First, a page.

Recently I came across a couple of new peer-to-peer financial startups. With people feeling distrust towards mainstream banks in the wake of the financial crisis, it is likely that many of these financial startups will get a lot more attention in the near future. Here are two startups from my own home country, Estonia, which have been making headlines recently.
One such startup is Transferwise, the peer-to-peer online currency exchange from the creators of Skype and PayPal. The idea of this is to allow cheaper exchange of money between different currencies, by using the Reuters mid-market rate. It therefore offers a better rate then high street banks by taking the real currency value, in between the bid and offer price. At the same time, it is able to offer far lower service fees due to its limited overhead costs.
The way in which this works is as follows. For example, at any one time there might be one person who holds euros and wishes to purchase British pounds. At the same time, there is likely to be someone else who holds British pounds but wishes to purchase euros. Usually these two individuals would simply turn to a bank, buying at one rate, selling at another and incurring a transfer fee on top of the exchange rate loss. However, with Transferwise, the first individual holding pounds instead transfers these into the UK account of the second individual wishing to purchase pounds. The second individual holding euros then transfers these into the euro account of the first individual. The whole process is done via Transferwise accounts meaning that the money transfer is completed once both parties have sent their money in.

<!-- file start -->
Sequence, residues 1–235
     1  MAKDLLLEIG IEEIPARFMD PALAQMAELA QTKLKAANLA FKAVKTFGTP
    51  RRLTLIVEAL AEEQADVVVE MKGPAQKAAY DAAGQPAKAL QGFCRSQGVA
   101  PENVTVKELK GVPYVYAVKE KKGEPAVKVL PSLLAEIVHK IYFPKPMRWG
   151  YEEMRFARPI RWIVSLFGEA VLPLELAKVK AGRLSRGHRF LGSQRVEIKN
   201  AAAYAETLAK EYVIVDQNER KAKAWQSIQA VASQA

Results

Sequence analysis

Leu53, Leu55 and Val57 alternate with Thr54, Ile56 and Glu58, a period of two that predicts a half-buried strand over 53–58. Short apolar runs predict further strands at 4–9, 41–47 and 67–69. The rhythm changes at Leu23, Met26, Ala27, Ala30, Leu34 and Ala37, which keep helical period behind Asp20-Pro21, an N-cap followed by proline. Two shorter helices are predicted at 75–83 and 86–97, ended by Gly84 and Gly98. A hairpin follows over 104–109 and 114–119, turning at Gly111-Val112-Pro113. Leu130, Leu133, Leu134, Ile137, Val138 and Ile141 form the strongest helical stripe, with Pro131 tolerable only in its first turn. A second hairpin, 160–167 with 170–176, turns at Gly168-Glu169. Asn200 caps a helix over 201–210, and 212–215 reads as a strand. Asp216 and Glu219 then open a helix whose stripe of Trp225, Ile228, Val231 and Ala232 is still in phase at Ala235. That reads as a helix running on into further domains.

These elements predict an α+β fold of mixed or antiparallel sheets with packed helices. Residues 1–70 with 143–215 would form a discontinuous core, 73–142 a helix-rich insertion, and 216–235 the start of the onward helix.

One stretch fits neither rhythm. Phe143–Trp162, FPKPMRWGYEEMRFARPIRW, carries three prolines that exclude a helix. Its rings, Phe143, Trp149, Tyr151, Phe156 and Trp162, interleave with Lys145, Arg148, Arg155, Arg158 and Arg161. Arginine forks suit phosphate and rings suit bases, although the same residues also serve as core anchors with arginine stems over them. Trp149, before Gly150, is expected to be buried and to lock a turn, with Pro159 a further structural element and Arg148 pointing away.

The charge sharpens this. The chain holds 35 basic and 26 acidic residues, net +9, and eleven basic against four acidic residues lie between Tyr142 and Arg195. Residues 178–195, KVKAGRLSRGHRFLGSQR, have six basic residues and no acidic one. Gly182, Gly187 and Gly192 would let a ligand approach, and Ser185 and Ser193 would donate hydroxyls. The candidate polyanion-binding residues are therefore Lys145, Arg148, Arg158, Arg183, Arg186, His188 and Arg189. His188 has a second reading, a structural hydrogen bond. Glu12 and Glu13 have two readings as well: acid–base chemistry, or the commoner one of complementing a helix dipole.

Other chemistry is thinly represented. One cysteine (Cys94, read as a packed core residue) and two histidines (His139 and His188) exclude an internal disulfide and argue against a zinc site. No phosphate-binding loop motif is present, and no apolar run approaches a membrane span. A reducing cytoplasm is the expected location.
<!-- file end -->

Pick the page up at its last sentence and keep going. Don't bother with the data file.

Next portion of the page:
This process is best shown in Transferwise’s introductory video:
The only thing that now remains to be seen is whether this will be a knockout blow to high street banks or simply a “black eye”, as reffered to by The Economist.
The second financial startup that I came across was isePankur. This is another peer-to-peer innovation that cuts out the spread used by banks to make money. In this case, it does so by cutting out the difference in interest rates for savings and loans.
The way in which it works is that people looking to borrow money post their loan requirements on the service’s website. isePankur then verifies all of the borrowers’ information, analyses their bank statements and performs various other checks, just as any commercial bank would do. Individuals looking to invest, then loan their money, spreading the investment between multiple applicants. The loan applicant is able to borrow at exactly the same rate as the investor gets in returns, unlike at a commercial high street bank where both receive different rates.
Again, this service has been praised by many, including one of The Economist editors, Edward Lucas. Read his article on his own experiences with isePankur here.
So what does this mean?
Essentially, this shows that with modern technological capabilities, financial innovation is able to take various creative new approaches. Such peer-to-peer services are likely to have an impact on commercial banking activities, but only if they gain the trust of their customers. The benefit of having a commercial high street bank, is that it is a physical place which people feel secure about, as opposed to an online service which takes place in a cloud and could easily disappear at any moment. It remains to be seen how much of an impact these companies will have, but initial responses have been positive and many consumers are already beginning to take advantage of such financial innovations.